• The Cornell Bird Guide is free and very easy to use. The app is powered by eBird, the world’s largest database of bird sightings, sounds, and photographs.
  • The Audubon Bird Guide, also free, is a comprehensive guide to over 800 species of North American birds. With this app, you can post your bird photos to share with other users. You can also keep track of every bird you encounter, whether in your backyard or on a nature hike.
  • Smart Bird ID, which has both a free and a paid version, also has identification functions based on sight and sound. This app includes a huge international community as well as fun quizzes to improve your identification skills. Although I’ve tried several apps, Smart Bird ID is my personal favorite. As I love to travel, I have made great connections through the international community.

4. Field Notebook

Do you keep a journal? Many folks do keep journals, and enjoy looking over old volumes filled with memories. A field notebook can serve a similar purpose, with a bit of a scientific edge thrown in. Check out this example from 1960. Why keep a field notebook? This article speaks to reasons and gives a taste of the variety of note-taking styles out there.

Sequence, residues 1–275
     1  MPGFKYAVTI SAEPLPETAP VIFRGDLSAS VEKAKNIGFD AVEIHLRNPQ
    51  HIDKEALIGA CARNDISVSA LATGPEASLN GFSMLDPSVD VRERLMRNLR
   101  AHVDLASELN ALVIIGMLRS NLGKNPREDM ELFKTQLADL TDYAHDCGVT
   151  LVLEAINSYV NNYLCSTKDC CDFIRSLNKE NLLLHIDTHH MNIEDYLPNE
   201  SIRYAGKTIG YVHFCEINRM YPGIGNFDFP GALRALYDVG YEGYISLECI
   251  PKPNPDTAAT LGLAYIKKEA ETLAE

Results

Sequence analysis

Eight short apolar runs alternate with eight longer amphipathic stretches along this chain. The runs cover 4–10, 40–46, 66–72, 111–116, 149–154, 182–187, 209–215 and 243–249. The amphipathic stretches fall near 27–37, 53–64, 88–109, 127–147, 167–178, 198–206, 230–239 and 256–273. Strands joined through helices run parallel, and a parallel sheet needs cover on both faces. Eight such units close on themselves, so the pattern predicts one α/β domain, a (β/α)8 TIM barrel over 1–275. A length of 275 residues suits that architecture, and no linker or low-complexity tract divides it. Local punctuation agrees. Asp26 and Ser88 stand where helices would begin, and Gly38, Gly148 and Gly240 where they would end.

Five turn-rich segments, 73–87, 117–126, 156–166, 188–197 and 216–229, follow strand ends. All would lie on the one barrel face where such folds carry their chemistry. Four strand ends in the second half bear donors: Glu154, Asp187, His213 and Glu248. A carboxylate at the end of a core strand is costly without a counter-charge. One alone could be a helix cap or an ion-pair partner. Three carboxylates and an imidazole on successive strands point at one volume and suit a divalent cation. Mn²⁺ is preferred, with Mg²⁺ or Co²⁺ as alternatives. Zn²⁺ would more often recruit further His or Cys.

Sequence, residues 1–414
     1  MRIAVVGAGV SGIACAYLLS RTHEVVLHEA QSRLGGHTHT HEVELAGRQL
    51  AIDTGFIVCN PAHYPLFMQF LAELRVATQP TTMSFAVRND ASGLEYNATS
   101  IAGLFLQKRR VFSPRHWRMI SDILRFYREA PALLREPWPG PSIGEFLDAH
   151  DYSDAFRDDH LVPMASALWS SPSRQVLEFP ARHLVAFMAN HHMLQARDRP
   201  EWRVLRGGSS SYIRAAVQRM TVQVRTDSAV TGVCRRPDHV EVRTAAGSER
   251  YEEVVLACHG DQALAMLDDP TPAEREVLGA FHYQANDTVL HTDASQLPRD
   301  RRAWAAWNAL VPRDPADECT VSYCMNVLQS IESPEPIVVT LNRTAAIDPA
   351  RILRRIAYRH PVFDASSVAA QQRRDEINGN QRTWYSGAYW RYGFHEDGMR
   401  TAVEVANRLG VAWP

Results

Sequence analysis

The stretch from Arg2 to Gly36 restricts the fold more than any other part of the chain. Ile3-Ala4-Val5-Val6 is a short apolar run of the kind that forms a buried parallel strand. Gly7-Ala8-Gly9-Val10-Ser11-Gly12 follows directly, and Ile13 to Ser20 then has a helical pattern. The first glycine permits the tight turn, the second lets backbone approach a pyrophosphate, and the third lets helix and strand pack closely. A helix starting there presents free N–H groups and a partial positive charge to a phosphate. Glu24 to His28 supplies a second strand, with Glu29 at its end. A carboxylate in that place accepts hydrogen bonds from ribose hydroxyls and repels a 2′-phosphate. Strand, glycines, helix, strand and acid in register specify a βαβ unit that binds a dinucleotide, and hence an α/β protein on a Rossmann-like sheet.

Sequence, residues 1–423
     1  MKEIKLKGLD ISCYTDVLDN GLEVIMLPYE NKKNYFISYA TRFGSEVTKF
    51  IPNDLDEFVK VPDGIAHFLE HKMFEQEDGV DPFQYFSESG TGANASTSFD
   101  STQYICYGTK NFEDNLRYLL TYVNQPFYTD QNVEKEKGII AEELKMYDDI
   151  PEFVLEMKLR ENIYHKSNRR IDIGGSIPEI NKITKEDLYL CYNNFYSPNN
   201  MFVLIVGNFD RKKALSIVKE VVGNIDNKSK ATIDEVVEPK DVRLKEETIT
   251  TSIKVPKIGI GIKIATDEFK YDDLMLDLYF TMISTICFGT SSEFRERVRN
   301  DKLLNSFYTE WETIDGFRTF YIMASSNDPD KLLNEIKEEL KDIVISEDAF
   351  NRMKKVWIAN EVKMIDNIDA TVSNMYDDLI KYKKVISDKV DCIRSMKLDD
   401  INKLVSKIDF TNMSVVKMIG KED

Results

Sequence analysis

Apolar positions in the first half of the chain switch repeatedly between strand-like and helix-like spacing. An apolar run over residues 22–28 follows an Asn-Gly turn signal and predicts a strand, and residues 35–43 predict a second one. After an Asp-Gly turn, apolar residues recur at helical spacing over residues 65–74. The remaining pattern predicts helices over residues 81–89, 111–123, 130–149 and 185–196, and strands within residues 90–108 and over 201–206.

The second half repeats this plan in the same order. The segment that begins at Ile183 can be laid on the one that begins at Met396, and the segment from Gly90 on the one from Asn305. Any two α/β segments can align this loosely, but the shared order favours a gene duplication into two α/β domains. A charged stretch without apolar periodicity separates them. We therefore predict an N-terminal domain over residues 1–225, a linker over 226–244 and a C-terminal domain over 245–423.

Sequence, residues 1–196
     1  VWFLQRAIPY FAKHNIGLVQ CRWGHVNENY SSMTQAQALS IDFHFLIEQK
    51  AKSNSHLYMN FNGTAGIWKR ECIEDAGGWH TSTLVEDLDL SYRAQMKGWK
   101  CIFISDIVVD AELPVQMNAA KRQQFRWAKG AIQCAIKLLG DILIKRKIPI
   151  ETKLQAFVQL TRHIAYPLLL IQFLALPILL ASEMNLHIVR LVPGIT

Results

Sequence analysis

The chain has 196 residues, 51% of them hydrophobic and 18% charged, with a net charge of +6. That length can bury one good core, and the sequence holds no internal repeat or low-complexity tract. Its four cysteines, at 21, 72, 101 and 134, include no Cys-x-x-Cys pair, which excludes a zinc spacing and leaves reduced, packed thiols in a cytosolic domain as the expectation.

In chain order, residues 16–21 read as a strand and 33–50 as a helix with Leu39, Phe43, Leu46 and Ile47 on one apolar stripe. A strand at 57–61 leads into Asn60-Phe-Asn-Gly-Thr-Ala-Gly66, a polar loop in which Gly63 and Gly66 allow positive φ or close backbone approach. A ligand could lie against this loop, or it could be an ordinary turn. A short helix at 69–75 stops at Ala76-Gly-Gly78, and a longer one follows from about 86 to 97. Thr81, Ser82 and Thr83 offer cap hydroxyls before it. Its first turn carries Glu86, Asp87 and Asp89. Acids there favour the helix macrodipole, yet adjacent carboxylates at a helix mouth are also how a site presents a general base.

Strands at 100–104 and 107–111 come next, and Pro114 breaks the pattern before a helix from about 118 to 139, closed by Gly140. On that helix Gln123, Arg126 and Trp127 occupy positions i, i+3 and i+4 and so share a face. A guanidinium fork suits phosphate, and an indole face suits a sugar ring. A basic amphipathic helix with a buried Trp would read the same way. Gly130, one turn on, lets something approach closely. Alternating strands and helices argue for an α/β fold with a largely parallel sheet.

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As with other supplies, you can spend as much or as little as you like on a field notebook. Are you a practical person, no fuss, no muss? You could simply head over to your local Walmart and purchase a spiral notebook for a dollar or so. The challenge with such a notebook is that it may not be sturdy enough to be thrown in your backpack and carried through a humid forest without falling apart after a couple of months. Here are a few examples of good notebooks to bring with you on a birdwatching trip:

  • A sturdier notebook, such as Rite In The Rain will last much longer than a typical spiral notebook. This model has a bright yellow, weather-proof cover, making it easy to spot and more difficult to lose. Rite In The Rain is mostly blank, waiting for your notes, save for a few labeled cells (date, weather, location). Great for a rainy or sunny day, this journal sells for $8.95.